Trump, the bombastic businessman, has emerged as the likely Republican presidential nominee, partly fueled by strong rhetoric against trade deals and China. Britain, meanwhile, will vote on a possible exit from the European Union, a decision that some argue could shake its economic growth and broader expansion in Europe.
David Zervos, chief market strategist at Jefferies, believes both Trump's rise and a possible "Brexit" could drag on investors' returns.
"The two big events for me are Brexit and the election. They really make it a tough trading environment," he told CNBC from the sidelines of the Milken Institute Global Conference in California.
Zervos said investors "should key off dollar strength." After a rally near the end of last year, the greenback has lost nearly 6 percent this year against a basket of currencies.
That drop, he argued, "saved most people's portfolios" after a brutal start to the year for stocks. Oil prices, U.S. equities and some emerging markets have since stabilized. U.S. crude prices are up 7 percent this year, while the has climbed nearly 8 percent in the last three months.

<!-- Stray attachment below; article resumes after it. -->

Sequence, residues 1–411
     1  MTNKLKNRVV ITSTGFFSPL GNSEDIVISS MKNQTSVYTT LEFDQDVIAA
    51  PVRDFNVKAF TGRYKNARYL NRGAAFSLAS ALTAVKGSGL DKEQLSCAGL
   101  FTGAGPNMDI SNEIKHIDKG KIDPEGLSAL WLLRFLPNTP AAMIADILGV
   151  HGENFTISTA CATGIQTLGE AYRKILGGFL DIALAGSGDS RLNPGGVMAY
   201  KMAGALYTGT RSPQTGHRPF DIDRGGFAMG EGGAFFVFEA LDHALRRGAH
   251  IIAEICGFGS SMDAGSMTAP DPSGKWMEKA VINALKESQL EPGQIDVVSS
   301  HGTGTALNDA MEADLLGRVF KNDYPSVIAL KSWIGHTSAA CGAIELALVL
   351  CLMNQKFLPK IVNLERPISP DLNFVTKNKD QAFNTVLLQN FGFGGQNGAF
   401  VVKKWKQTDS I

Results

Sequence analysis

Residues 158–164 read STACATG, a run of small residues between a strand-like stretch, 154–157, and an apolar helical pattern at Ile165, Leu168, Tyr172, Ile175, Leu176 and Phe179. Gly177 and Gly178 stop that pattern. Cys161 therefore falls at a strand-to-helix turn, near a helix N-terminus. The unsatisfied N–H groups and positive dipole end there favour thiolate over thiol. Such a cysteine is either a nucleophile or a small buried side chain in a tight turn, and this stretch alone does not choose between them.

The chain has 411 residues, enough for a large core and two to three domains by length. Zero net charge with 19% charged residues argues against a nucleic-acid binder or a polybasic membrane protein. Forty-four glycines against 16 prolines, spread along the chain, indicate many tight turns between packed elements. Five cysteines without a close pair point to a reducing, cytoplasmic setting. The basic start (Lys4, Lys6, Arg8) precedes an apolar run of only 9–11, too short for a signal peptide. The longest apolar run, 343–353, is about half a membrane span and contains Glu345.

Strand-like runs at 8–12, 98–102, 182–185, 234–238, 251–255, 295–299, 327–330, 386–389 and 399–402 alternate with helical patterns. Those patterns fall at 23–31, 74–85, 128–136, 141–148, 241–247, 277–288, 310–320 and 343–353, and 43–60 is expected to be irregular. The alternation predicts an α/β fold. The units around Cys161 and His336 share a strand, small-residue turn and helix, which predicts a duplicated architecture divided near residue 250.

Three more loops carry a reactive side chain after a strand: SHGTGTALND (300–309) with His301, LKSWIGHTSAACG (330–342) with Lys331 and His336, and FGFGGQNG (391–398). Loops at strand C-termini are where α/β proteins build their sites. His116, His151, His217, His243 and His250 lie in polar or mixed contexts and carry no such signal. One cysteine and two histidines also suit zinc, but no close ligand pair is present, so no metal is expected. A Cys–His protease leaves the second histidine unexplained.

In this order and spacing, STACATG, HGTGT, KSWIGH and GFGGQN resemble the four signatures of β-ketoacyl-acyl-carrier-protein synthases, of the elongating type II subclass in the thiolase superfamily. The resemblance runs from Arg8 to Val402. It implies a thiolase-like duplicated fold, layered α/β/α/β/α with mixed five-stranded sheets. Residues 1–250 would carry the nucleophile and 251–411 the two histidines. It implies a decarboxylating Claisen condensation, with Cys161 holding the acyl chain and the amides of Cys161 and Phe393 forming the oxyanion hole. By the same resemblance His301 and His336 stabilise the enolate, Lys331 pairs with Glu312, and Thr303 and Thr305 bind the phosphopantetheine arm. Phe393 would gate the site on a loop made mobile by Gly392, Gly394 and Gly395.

While "it's off the table now," dollar strength could return, Zervos contended.
A Trump nomination after the GOP convention in July, or a surge in popularity, could fuel fears about trade, he said. That may drive nervous investors to the dollar.
Meanwhile, a British exit from the EU could sap confidence from the union. It may send some investors away from the euro and into the dollar, driving the greenback higher.
A Brexit brings the possibility of parity between the euro and the dollar, Zervos said.